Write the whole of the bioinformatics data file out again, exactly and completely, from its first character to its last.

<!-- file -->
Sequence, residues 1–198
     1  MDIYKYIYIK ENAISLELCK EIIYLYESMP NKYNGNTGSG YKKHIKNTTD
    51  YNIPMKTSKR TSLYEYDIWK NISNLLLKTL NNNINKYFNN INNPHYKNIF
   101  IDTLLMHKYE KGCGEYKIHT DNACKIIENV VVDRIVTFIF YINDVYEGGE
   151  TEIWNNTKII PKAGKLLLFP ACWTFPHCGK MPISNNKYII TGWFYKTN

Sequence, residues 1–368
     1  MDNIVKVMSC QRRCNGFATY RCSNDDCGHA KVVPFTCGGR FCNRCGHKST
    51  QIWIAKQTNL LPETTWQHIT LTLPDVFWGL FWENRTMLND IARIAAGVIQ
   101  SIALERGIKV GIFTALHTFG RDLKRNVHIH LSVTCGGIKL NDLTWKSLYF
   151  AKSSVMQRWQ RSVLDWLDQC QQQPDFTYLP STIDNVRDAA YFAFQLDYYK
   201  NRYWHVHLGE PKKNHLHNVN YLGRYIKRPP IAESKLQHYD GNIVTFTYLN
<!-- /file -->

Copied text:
Sequence, residues 1–198
     1  MDIYKYIYIK ENAISLELCK EIIYLYESMP NKYNGNTGSG YKKHIKNTTD
    51  YNIPMKTSKR TSLYEYDIWK NISNLLLKTL NNNINKYFNN INNPHYKNIF
   101  IDTLLMHKYE KGCGEYKIHT DNACKIIENV VVDRIVTFIF YINDVYEGGE
   151  TEIWNNTKII PKAGKLLLFP ACWTFPHCGK MPISNNKYII TGWFYKTN

Sequence, residues 1–368
     1  MDNIVKVMSC QRRCNGFATY RCSNDDCGHA KVVPFTCGGR FCNRCGHKST
    51  QIWIAKQTNL LPETTWQHIT LTLPDVFWGL FWENRTMLND IARIAAGVIQ
   101  SIALERGIKV GIFTALHTFG RDLKRNVHIH LSVTCGGIKL NDLTWKSLYF
   151  AKSSVMQRWQ RSVLDWLDQC QQQPDFTYLP STIDNVRDAA YFAFQLDYYK
   201  NRYWHVHLGE PKKNHLHNVN YLGRYIKRPP IAESKLQHYD GNIVTFTYLN